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The offence of intimidation or stalking is contained in section 13 of the Crimes (Domestic and Personal Violence) Act 2007. Section 13 provides: “A person who stalks or intimidates another person with the intention of causing the other person to fear physical or mental harm is guilty of an offence.” The maximum penalty of 5 years imprisonment and/or a fine of 50 penalty units.

Intimidation can be defined as:

  • Harassment;

  • Contact with a person which causes that person to fear for his or her safety; or

  • Conduct that causes a person to fear for their safety or the safety of their family or partner.

Stalking involves following a person, or approaching or attending a person’s home or place of work, or any other place they attend regularly without their knowledge, or to their awareness but against their wishes.

In order for you to be found guilty of stalking or intimidation, the prosecution must prove that your conduct amounted to either stalking or intimidation and that you intended that person to fear mental or physical harm.

Stalking and intimidation, amongst other offences,  can also occur over the internet or use of a carriage service. The Criminal Code Act 1995 provides for Telecommunication offences throughout Australia. The legislated offences and heavy statutory penalties were introduced in response to the growing use of social media and the use of other telecommunication services to communicate with others but also harass them.

A telecommunications offence can be committed through many different mechanisms, including, but not limited to: telephone calls, text messages, Twitter, Facebook, Instagram and communication via other social media sites and applications. Examples of offensive conduct that might occur through the use of a carriage or telecommunications service include:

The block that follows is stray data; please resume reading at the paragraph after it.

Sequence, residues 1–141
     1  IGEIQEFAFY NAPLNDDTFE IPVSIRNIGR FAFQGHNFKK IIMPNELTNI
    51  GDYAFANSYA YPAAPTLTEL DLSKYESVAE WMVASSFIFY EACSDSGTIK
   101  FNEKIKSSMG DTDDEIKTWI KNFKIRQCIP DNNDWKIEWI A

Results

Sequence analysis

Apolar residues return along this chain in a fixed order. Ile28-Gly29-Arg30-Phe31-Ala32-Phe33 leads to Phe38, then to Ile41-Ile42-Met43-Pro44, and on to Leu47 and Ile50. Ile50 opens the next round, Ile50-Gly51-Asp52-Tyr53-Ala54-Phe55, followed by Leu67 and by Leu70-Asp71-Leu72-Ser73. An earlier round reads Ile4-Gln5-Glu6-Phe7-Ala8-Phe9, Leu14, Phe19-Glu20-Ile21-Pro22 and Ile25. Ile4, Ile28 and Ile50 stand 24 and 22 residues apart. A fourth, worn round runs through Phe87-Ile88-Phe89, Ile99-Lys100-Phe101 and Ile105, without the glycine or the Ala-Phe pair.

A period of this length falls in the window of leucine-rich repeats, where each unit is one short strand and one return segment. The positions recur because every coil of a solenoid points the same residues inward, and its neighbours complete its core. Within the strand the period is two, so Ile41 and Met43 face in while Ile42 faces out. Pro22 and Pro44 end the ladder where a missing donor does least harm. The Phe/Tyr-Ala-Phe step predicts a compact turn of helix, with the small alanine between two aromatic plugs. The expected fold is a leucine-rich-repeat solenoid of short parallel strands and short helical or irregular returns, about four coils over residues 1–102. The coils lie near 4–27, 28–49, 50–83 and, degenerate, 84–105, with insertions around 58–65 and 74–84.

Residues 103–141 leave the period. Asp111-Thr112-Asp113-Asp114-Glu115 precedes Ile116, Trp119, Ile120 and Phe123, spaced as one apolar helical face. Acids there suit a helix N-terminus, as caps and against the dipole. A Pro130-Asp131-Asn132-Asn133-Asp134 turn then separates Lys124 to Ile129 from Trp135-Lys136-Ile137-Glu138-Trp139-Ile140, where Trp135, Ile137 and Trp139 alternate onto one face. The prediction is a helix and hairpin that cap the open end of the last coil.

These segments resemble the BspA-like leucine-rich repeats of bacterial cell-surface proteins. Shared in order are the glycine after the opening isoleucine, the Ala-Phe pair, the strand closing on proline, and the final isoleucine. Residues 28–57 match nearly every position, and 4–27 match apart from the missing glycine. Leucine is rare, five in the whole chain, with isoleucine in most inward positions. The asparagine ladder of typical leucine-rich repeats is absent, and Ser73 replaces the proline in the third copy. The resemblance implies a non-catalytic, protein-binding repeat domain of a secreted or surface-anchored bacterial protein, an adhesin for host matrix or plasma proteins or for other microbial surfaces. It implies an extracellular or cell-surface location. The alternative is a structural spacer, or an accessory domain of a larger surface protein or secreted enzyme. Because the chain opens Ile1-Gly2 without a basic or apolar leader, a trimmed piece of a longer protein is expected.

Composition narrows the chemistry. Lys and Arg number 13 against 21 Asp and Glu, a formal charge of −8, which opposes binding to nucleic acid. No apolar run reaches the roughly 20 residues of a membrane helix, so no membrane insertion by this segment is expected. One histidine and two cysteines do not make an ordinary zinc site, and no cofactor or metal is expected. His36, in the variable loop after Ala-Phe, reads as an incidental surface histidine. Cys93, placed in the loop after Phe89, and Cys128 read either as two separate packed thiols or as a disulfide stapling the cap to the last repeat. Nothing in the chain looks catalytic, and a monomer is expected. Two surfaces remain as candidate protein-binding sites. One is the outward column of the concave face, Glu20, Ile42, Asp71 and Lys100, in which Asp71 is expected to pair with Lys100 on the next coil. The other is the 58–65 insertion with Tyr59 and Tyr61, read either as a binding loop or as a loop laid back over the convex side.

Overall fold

• Use carriage service to menace, harass, and offend.

  • Sharing Sexual Images and videos.

  • Revenge Porn (threatening to send or publish intimate images of another without their consent).

  • Publish indecent article on social media.

  • Online Stalking or Trolling.

  • Possessing, controlling, producing, supplying or obtaining child pornography material for use through a carriage service.

It is important that you contact a lawyer and seek immediate legal advice if you are charged with a telecommunications, stalking or intimidation offence. As with any criminal offence, the prosecution must prove all the elements of the offence beyond a reasonable doubt. If you have a defence available, the prosecution must negate that defence beyond reasonable doubt if the Court is to find you guilty. If you are charged with a criminal offence, please contact KF Lawyers to arrange for a consultation to discuss potential defences and range of sentences that are available in your situation.

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